On May 7th, 2021, I sat in the police station in Chios, Greece. I was under arrest (though the authorities might deny that) on the premise of my name coming up in a "search", and as a result of that my electronic devices were to be seized by order of a prosecutor in Mytelini, a place I have not been since 2016. I was not allowed to call my lawyer despite asking multiple times. I was subjected to an unthorough but invasive strip search. They took my work phone, personal phone, my laptop, and my diary. I have since appointed three different lawyers and no one has been given full access to my file yet. I am still in the dark about why I was stopped, what their intentions are with me and my devices, and what this means for me in the eyes of the law.
In the days, weeks, and months that have followed, I have been called a criminal, a hero and everything in between. I was told this was a badge of honor, though I don't see how being short thousands of dollars in devices, changed travel plans, legal fees, and now living in constant anticipation and anxiety is something to don with pride. The consensus, and my gut feeling, is that this is a large intimidation tactic by the authorities to try and prevent me and my colleagues from continuing our work supporting asylum seekers and refugees and advocating for human rights. This practice of criminalizing or threatening to criminalize humanitarians has become so widespread and problematic that the sector and those in it have started to accept that this is part of the job. Another hoop we need to jump through or hurdle we need to clear to keep up our already exhausting, stressful, dangerous, and morally injurious work.
Today we observe World Humanitarian Day, and I want to use this day to highlight the absolute ordinary humanity of the people we call humanitarians.
Humanitarians are people, too. We must recognize them as normal, fallible, flawed, and authentic human beings who also need support and help. As humanitarian crises around the world intensify due to the pandemic and increasing instability and the new challenge of climate migration is already upon us, helping the helpers must move to the forefront of the agenda or we are at risk of losing infinite amounts of wisdom, experience, and skills that humanitarians have spent years cultivating. I want to engage in these issues in a more authentic way. I want to come down from this pedestal we were never asked to be put on.
Who are the humanitarians?
Humanitarians, put simply, are everyday people who participate in humanitarian action. While we are often tempted to look at big names like Doctors Without Borders, we can't forget the extraordinary selflessness that local communities who are on the frontlines of humanitarian crises demonstrate to address immediate needs of fellow human beings. We also can't forget the work that those affected by disaster and displacement do to help their own communities. I would argue that these people, who adapt so quickly when given no other choice, are better and more inspiring humanitarians than people like myself who can pick and choose which disaster we play a role in and how we will do that.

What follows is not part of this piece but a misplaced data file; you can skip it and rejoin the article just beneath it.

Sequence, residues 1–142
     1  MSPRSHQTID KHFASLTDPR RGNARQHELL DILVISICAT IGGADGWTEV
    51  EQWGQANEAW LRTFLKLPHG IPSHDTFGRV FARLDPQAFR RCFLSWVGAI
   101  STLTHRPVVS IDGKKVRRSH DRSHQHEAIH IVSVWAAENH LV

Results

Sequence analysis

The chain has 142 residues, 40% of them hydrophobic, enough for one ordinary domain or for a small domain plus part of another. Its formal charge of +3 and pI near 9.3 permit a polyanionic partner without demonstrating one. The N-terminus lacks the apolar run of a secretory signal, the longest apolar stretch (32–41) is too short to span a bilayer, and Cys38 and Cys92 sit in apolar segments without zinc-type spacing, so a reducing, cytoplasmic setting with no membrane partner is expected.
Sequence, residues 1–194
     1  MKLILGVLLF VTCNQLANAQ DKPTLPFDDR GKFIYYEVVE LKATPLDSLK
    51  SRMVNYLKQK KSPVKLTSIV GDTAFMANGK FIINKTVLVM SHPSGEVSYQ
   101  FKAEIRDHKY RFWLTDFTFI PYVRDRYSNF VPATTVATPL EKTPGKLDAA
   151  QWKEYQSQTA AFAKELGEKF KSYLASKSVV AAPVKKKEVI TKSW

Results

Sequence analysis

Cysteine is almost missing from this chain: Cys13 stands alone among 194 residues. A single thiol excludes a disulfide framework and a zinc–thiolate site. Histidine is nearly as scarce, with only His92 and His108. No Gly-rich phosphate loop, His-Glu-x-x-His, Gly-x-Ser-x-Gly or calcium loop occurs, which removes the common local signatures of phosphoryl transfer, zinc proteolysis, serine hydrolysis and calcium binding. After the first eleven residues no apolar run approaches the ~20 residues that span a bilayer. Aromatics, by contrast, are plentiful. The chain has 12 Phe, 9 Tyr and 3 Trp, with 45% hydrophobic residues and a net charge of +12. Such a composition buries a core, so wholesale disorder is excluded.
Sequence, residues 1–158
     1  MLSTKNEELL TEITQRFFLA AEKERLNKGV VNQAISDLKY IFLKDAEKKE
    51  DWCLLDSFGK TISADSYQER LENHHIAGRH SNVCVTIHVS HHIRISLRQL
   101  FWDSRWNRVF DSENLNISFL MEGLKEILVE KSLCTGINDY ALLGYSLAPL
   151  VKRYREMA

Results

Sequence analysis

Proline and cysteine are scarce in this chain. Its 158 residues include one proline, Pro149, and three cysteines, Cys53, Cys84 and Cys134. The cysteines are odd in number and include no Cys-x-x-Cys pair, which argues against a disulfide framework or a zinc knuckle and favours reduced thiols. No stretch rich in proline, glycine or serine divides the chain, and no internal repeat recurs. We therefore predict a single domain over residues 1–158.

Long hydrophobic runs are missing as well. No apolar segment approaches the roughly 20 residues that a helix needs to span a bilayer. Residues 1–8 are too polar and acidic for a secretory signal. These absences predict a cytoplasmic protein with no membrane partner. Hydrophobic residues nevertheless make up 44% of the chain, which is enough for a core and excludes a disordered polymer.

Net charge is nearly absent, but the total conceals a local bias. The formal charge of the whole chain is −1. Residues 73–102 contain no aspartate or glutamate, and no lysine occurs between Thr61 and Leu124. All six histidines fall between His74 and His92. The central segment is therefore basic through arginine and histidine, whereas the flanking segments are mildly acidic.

Why are the Humanitarians in Danger?
“By rescuing refugees and migrants in danger at sea or in the mountains, offering them food and shelter, documenting police and border guard abuses, and opposing unlawful deportations, human rights defenders have exposed the cruelty caused by immigration policies and have become themselves the target of the authorities. Authorities and political leaders have treated acts of humanity as a threat to national security and public order, further hindering their work and forcing them to divest their scarce resources and energy into defending themselves in court.”
- Amnesty International
Many may not be as surprised by the arrests of search and rescue (SAR) volunteers at international borders. These are contested issues and complex contexts unfolding in real time. Lives are on the line, tensions are high; these are true disaster zones. General observers may also be lulled into a false sense of security thinking that anyone volunteering within "civilized" countries in the European Union or more traditionally Western regions will have their rights respected and have access to just and equal treatment before the law. In recent times, this has started changing.
Multiple arrests and large intimidation ploys by authorities have recently rocked the grassroots volunteer community. Criminalization is not just being used against SAR teams working in contentious areas- everyday people in communities along the migratory pathway have been arrested for simply housing other human beings or providing them with food and water. The basis of these arrests, charges, and accusations are weak and unfounded, but their impact is felt. What once felt like a safe and cohesive space of solidarity and meaningful action has become a fragmented grassroots movement where people second guess everything and everyone.
This trend, if not quickly addressed soon, could have deadly impacts. Many SAR organizations stopped their operations on the island of Lesvos and other regions of the Mediterranean following the arrest of volunteers in 2018 including the well-known swimmer Sarah Mardini whose sister Yusra just competed in the Olympics on Team Refugee. Also arrested with Sarah was rescue diver Sean Binder, who had studied migration policy and now knows better than most how this switch in the political narrative from humanitarian mode to border securitization impacts those of us still trying to uphold the first and prevent needless deaths at sea.